In September of 2010, German authorities at the Swiss border stopped an aged man on his way back into Germany. The man, nearly 80 years old and bent with age, would have seemed harmless had it not been for one thing: he was carrying more than €9,000 in cash, an amount that rang alarm bells for German tax authorities. After questioning the man, they learned that the large sum was the product of the sale of a painting, which set off more alarm bells considering the man, now known to authorities as Cornelius Gurlitt, had no clear occupation or means of income. Was he involved in smuggling art across the border without paying taxes? The question was enough to request a warrant to search Gurlitt’s apartment in the wealthy arts district of Schwabing in Munich.
Almost 18 months later, authorities opened the door to Gurlitt’s flat to find not bills of sale, but more than 1,400 framed and unframed works of art that Gurlitt had purportedly inherited from his father, Hildebrand, who, in spite of being “a quarter” Jewish (according to the Nuremberg Laws), had infamously worked as a high-profile art dealer during the Third Reich. Among these works were masterpieces by Max Liebermann, Marc Chagall, Pablo Picasso, Emil Nolde, and Henri Matisse. Authorities were uncertain what to do, at least at first; Cornelius had inherited the collection from his father through no fault of his own, though they were certain that at least a portion of the works comprised looted art. Ultimately the collection was confiscated. They originally valued the collection at more than one billion Euros, a number that media latched onto once news of the collection was made public in 2013, but that would later prove to be an overestimate.
During the media frenzy that followed, Cornelius defended his innocence, and eventually went to court to regain custodianship over the artworks. The German government responded by creating a task force comprised of historians and art historians to research the collection’s provenance. The task force, like the authorities, was confronted with a series of mysteries: Was the art stolen? Was it so-called “Degenerate Art”? Who actually owned the art? And importantly, how should the German government confront the injustices surely tied up with the collection’s original inception?
In the end, just four pieces were deemed with certainty to have been looted by the Nazis. Cornelius died in 2014, in the midst of the legal battle over his “inherited” art trove, leaving the entirety of his collection to the Kunstmuseum Bern in Switzerland, noting that Germany had treated him so badly that only a foreign country deserved his bounty. The museum in Bern agreed to accept the estate, with the exception of art that had clearly been looted by the Nazis, as well as 500 works that were to remain in Germany until their rightful heirs could be located. The works of the Gurlitt Collection had their exhibition debut in Switzerland in 2017, then traveled to Germany in 2018, where I eventually had the pleasure of viewing them at the famed Martin-Gropius-Bau in Berlin in an expansive exhibition (Gurlitt: Status Report, An Art Dealer in Nazi Germany) that highlighted not only the priceless pieces of art, but raised complicated questions about the nature of complicity and collaboration, and the privileged status assigned to art in both dictatorships and democracies.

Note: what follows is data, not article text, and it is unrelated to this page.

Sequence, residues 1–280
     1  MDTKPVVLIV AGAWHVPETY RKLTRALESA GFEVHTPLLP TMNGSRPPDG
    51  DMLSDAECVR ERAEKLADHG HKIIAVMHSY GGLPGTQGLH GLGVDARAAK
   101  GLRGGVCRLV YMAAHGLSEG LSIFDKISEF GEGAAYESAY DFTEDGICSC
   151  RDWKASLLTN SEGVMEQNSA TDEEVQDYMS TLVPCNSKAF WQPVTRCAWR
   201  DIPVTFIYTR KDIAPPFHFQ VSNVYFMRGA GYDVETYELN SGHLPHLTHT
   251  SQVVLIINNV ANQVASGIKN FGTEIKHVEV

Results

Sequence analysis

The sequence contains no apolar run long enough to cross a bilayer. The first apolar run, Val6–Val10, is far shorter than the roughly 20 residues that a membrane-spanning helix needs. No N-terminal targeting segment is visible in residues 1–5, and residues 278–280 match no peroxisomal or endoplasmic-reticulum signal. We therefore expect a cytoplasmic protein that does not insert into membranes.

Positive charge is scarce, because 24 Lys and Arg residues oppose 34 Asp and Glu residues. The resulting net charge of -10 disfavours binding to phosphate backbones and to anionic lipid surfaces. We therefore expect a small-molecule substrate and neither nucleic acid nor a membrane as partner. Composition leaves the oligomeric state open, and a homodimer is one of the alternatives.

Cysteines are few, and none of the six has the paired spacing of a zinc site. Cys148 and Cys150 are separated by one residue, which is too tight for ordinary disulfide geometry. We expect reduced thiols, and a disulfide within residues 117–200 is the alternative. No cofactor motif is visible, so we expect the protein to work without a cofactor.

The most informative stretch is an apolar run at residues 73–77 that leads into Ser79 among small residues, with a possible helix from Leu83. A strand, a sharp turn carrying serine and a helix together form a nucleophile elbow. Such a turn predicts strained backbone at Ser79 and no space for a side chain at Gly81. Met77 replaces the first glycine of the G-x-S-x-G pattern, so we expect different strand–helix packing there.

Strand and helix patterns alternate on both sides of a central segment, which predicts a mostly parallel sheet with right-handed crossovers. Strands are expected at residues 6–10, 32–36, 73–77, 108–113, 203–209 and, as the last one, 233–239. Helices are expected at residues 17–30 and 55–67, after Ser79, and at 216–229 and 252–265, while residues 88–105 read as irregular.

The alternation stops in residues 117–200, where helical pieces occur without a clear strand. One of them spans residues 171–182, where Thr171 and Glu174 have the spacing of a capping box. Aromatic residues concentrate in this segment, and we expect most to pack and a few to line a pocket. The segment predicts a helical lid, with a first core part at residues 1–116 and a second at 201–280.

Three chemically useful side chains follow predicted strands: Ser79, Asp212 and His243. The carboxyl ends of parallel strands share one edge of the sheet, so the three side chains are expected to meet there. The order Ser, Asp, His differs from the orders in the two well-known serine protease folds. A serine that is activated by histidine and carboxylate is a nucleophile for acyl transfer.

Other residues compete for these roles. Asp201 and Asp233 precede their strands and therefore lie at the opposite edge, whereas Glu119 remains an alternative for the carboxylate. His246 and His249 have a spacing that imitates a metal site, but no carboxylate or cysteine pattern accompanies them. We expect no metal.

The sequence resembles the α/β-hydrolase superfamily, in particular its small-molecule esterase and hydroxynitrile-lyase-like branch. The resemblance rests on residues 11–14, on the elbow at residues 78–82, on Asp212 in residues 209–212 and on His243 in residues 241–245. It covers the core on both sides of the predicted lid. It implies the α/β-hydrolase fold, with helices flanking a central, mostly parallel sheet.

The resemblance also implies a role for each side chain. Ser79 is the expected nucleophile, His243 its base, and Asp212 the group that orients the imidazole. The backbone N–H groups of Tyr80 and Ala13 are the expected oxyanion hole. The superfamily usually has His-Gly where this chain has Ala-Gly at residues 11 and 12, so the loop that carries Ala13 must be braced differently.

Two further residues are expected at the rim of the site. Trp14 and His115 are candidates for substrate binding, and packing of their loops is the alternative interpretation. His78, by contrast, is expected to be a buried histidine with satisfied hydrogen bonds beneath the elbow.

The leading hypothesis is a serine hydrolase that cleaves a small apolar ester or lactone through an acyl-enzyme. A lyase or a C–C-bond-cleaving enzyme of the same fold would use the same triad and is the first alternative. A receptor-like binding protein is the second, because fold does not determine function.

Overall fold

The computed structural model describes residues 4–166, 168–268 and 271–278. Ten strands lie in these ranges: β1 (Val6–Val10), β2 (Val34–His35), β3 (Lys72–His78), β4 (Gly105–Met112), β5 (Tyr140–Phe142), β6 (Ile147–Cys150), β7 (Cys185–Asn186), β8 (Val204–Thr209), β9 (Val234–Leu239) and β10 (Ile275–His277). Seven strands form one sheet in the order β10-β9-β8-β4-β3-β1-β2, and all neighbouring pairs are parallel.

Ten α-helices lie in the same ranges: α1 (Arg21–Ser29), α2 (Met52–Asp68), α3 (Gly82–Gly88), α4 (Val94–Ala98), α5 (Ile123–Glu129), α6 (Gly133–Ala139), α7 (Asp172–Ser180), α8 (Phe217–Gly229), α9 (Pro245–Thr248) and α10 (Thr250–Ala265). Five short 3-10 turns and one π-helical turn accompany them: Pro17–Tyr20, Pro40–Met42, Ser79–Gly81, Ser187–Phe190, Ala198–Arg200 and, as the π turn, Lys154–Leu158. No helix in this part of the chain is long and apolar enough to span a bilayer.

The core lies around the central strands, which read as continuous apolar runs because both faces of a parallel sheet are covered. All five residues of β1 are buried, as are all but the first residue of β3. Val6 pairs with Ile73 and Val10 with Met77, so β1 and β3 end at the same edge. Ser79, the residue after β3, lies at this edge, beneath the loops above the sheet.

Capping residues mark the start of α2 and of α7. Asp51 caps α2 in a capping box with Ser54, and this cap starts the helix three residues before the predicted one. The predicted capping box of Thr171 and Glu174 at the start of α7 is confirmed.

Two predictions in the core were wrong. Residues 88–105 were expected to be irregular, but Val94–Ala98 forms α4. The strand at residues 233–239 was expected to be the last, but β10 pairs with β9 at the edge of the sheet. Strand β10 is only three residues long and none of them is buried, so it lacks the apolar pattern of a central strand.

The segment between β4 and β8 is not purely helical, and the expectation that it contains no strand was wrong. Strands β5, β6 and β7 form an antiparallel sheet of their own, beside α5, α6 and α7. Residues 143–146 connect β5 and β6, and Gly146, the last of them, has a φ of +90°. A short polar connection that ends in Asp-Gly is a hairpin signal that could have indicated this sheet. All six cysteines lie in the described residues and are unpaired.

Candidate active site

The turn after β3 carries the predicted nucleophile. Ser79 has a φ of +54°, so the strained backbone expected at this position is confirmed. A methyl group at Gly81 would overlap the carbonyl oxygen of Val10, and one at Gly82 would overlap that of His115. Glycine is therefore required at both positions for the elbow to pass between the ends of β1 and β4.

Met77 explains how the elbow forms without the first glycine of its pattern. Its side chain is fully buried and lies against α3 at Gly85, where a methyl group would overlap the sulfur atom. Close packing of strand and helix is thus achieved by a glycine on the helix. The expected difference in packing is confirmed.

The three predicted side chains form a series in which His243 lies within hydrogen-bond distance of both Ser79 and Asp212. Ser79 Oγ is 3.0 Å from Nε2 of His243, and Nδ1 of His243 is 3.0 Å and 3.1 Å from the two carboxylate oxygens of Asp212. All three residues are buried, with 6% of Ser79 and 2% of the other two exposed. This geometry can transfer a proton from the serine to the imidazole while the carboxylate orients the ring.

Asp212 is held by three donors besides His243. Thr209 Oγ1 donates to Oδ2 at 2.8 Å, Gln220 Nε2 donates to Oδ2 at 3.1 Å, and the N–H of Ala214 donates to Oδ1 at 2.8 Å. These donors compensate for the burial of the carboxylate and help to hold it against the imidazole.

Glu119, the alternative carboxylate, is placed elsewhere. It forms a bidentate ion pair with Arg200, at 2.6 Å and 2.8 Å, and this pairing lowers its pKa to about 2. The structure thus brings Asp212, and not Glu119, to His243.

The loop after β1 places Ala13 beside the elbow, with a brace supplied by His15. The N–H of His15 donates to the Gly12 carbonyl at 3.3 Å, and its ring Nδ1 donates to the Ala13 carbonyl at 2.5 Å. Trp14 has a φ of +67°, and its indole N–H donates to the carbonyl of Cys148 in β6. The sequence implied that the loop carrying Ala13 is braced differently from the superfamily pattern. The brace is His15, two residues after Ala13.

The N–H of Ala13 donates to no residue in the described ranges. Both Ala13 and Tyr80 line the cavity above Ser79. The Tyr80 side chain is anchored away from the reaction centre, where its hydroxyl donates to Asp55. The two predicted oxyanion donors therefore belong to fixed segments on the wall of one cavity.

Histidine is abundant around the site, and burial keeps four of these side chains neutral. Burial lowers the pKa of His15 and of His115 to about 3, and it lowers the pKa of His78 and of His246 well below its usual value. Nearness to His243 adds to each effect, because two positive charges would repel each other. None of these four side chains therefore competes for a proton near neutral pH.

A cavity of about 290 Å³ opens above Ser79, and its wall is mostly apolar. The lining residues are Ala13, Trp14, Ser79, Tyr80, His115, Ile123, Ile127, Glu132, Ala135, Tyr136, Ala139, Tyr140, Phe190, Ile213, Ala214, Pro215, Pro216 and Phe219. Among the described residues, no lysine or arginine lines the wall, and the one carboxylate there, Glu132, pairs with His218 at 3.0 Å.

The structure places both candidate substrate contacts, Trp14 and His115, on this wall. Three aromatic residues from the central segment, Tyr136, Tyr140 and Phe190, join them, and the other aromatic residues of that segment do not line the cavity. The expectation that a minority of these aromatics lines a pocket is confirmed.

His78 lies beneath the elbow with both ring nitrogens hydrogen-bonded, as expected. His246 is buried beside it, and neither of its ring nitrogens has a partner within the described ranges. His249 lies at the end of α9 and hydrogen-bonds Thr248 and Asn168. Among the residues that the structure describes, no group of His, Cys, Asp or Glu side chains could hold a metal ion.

The account of the Gurlitt Collection since 2012 reads a bit like an art historical Indiana Jones tale, helmed by art historians instead of an archaeologist. Dr. Meike Hoffmann, a German art historian and provenance researcher who holds positions at the Christian-Albrechts-Universität in Kiel and the Freie Universität Berlin, was one of the experts asked to join the taskforce in 2012. In 2016, she and art critic Nicola Kuhn, published Hitlers Kunsthändler: Hildebrand Gurlitt 1895-1956, an exhaustive biography of the father of the Gurlitt Collection. The book ends with Hildebrand’s death in a car accident in 1956 but includes a coda on the discovery of his stash of artwork in the apartment of Cornelius more than 50 years later.
If the themes in the story – including the role of art under totalitarian or genocidal regimes, and the consequences of collaboration in the aftermath of these regimes – feel familiar, it is because many of them are repeating themselves in this exact moment in the United States. In fact, one of the more stomach-churning aspects of the tale of Hildebrand and Cornelius Gurlitt and their art collection, is its resonance to the moment in which we are living – or at least, trying to survive. In the past several years, comparisons between the Nazi Germany and Trump’s America have become increasingly commonplace. Sometimes, the parallels are as overt as the co-opting of charged symbols associated with the Nazi regime. Major news outlets are publishing think-pieces examining U.S. Senator Lindsey Graham and other Republicans as collaborators in the crimes of the Trump regime, drawing comparisons between these American politicians and historical actors in both the Third Reich and the German Democratic Republic. Fraught questions of art, public, and historical and collective memory have boiled to the surface and out into the streets as protestors and politicians debate the presence of monuments associated with not only the Confederacy, but also the country’s founding, both predicated on slavery.
Many of these questions that the U.S. now confronts openly and violently are not new to Germany, a country that has both been forced – and chosen – to grapple with its own violent history on a world stage for the past several decades. Hoffmann’s and Kuhn’s retelling of both Hildebrand and Cornelius embodies several of these questions through the lenses of art and provenance. How and why might a respected academic and art dealer with Jewish heritage come to position himself as one of Hitler’s go-to men for art “collecting” (which often involved the purchasing of masterworks from occupied territories for far below market value)? How should this collaboration be dealt with by a burgeoning West German democracy? And to whom does all of this artwork, passed down from father to son, truly belong?
Hoffmann and Kuhn begin their story with a straightforward and detailed biography of the Gurlitt family at the end of the nineteenth century. The family was immersed in the arts; Hildebrand was born in 1895 to a family that included a famed architect and art historian, musicologist, painter, and art dealer. Hildebrand’s grandmother was Jewish, making him a “quarter-Jew” under the Nuremberg laws, a label he would use to his advantage during his denazification trial in the postwar period. Hildebrand worked as director of the König-Albert-Museum in Zwickau in the 1920s, often riling up conservatives with his avant-garde taste and championing of Modernist and Expressionist art from the likes of Max Pechstein, Emil Nolde, Erich Heckel, and Karl Schmidt-Rottluff. Though his work and extensive networking with Modernist artists earned him national praise, the local press was less enthusiastic about the direction he was taking the museum. He was fired in 1930, finding work as director of the Hamburger Kunstverein, until the Nazis forced he and its board members to resign in 1933.